It’s rare, but sometimes, everything works in your favor.
First, schedules set up for us to potentially catch a AA Eastern League Yard Goats at Fisher Cats afternoon game on a Tuesday, travel one-hour south to see the Orioles play the Red Sox at Fenway that evening, stay in a hotel and then see a 12 noon Scranton/Wilkes Barre at Pawtucket Red Sox AAA International League Wednesday matinee game.
But we needed the weather to work out, and right up until game time Tuesday afternoon, it didn’t look good. The forecast called for off-and-on rain through Tuesday afternoon, and it rained almost the entire 2-hour drive to Manchester, NH. I wondered almost all of the drive up why we were bothering.
But the baseball gods were with us. A few minutes before we got to the Fisher Cat stadium, the rain stopped. We pulled into the parking lot as the game was supposed to be starting. The start ended up being delayed for about half-an-hour due to the rain, but it never rained again that day.
This game was supposed to have been a Yard Goats’ home game, but due to delays in building Hartford’s new stadium, the game was moved to New Hampshire. Between the fact that that the game was not part of the Fisher Cat season ticket package and that it was being played on a weekday afternoon with a poor weather forecast, the stadium was almost empty. The box score listed an attendance of 1,003, but I counted about 35.
There were three other kids at the game, I am pretty sure all sons of the Yard Goats’ radio announcer. Sean and those boys had plenty of room to ballhawk, and all came away with plenty of balls. Sean ended up with 14 altogether, including 11 gamers, one post-game toss-up and two balls we found outside the stadium that were in great condition except for being wet. The Fisher Cats weren’t due to play their official home opener until Thursday, but had hosted the Yard Goats the day before, so we’re pretty certain the two balls were from that game.
[Pic of Sean with 12 of the 14 balls]
After the game, a 4-0 Fisher Cat victory, I headed to the Yard Goats’ dugout, and Sean to the Fisher Cats’ dugout. I walked away with the Yard Goats’ lineup card. Getting a Yard Goat lineup card was one of our main goals this season, given the Yard Goats are essentially a new team after moving to Hartford from New Britain, and changing their name from the Rock Cats to the Yard Goats.
Sean got the Fisher Cats’ lineup card and his 14th and final ball, then joined me at the Yards Goats dugout where a bat boy gave him a broken bat from an unknown Yard Goat player.
It was then time to make the one-hour trip to Fenway. Unfortunately, due to the delayed start of the Fisher Cat game, we didn’t make it to Fenway until right after batting practice ended. We did make in time to get the David Ortiz commemorative 500 Home Run bling the Red Sox were giving away that night.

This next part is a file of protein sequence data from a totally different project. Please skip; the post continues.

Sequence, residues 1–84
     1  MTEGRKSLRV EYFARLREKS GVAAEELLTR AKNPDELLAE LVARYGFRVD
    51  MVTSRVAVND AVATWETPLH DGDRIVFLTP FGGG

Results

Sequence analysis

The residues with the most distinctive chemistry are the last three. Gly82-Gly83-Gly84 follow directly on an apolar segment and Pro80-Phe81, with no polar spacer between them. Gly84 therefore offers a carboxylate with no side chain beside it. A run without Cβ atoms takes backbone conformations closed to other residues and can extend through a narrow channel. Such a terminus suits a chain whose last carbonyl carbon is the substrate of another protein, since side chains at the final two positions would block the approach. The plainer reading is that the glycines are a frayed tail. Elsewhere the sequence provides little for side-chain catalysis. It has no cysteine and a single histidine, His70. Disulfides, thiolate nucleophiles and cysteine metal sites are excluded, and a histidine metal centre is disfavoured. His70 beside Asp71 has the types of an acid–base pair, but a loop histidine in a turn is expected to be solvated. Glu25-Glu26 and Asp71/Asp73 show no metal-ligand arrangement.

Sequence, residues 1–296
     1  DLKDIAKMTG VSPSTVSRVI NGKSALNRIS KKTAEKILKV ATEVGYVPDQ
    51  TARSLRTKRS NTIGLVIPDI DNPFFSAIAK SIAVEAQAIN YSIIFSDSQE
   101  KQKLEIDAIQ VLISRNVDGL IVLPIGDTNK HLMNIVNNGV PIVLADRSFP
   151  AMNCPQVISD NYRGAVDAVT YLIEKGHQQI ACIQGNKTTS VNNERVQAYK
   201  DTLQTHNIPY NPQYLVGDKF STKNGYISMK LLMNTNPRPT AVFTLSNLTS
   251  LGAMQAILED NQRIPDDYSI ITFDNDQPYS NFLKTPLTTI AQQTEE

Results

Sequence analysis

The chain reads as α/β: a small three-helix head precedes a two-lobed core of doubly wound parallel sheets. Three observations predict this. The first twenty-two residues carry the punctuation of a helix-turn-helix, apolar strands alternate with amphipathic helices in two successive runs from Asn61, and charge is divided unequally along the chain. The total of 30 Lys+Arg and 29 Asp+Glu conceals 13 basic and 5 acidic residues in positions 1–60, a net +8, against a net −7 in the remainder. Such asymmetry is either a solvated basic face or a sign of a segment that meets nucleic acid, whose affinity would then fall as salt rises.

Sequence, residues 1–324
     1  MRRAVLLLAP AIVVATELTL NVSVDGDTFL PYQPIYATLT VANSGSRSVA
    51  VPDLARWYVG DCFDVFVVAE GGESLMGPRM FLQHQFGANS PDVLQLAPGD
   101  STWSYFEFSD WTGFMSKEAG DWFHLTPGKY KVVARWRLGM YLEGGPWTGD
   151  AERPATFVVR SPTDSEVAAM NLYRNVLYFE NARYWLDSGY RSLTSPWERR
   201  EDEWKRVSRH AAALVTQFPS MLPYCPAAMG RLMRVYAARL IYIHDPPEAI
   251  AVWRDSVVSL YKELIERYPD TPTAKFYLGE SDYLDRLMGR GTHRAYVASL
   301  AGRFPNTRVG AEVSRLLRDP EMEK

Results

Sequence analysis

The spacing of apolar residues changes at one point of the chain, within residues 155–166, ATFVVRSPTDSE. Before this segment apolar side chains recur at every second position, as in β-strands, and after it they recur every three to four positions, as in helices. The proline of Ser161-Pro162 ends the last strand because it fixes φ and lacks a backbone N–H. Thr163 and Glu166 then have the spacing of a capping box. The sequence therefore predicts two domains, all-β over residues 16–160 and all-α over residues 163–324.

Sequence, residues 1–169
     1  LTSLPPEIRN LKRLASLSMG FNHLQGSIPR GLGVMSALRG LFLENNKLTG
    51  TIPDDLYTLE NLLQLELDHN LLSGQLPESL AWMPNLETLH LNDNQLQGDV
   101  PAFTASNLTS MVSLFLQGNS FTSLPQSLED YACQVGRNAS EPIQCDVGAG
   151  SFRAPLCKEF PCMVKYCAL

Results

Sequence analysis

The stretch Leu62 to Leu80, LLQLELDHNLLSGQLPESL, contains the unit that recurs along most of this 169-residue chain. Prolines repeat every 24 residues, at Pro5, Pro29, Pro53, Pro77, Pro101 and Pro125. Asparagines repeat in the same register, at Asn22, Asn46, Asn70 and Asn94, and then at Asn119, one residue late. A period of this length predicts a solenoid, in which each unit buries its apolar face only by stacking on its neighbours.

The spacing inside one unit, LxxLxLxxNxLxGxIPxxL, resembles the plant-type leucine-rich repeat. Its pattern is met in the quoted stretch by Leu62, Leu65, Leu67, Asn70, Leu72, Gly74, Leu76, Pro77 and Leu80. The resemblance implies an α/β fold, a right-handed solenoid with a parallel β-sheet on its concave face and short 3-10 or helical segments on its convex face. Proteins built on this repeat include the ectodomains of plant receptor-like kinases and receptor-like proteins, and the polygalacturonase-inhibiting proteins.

[Sean and his bling]
Ortiz fittingly hit his 506th home run, but the Orioles came from behind to beat the Red Sox, 9-5.
We’re not sure if either the Red Sox or Orioles would give away their respective dugout lineup cards, most Major League teams sell them at this point, and we could see an Orioles lineup card in their bullpen, so that was what we targeted. We spent the last couple of innings in Right Field Box Section 1, which is right next to the visitors’ bullpen. We were even able to get two seats right up against the bullpen wall. The field view isn’t great, but it’s cool to have a front row view of the goings-on in the bullpen.
Additionally, we knew that the Orioles’ bullpen lineup card was in the wall right next to where we were seated.
In the bottom of the ninth, a middle-aged woman and a few kids came into the seats right near us. She and the kids were pretty aggressively asking for a ball while the game was going on. Apparently, it was one of the boys’ birthday. Of course, the Orioles ignored her. When the game ended, it got a little hectic with so many people asking for baseballs. We were the only ones asking for the lineup card, but were ignored by the Orioles’ bullpen coach as he made a mad dash out of the bullpen. A Red Sox security guard then took the line-up card off the wall, and started to hand it to one of the boys with the woman, despite our asking for it. I made one last-ditch request to get the card, pointing at Sean, and luckily the security person changed direction and handed it to us.
The MLB bullpen lineup cards we have gotten so far are nowhere near as nice as the MLB dugout lineup cards, and this one followed suit. Of course, the teams typically sell the nice dugout cards for $100 or more, and this one was free. Additionally, there were 30,000-something people at the game, so to walk away with ANY lineup card was a huge victory. It was also our first Orioles’ lineup card and came from a game in which Big Papi hit his 50th homerun, so it is a pretty neat souvenir. I am not an Ortiz fan, but he’s a great hitter and it would seem a safe assumption that he will end up in the Hall of Fame.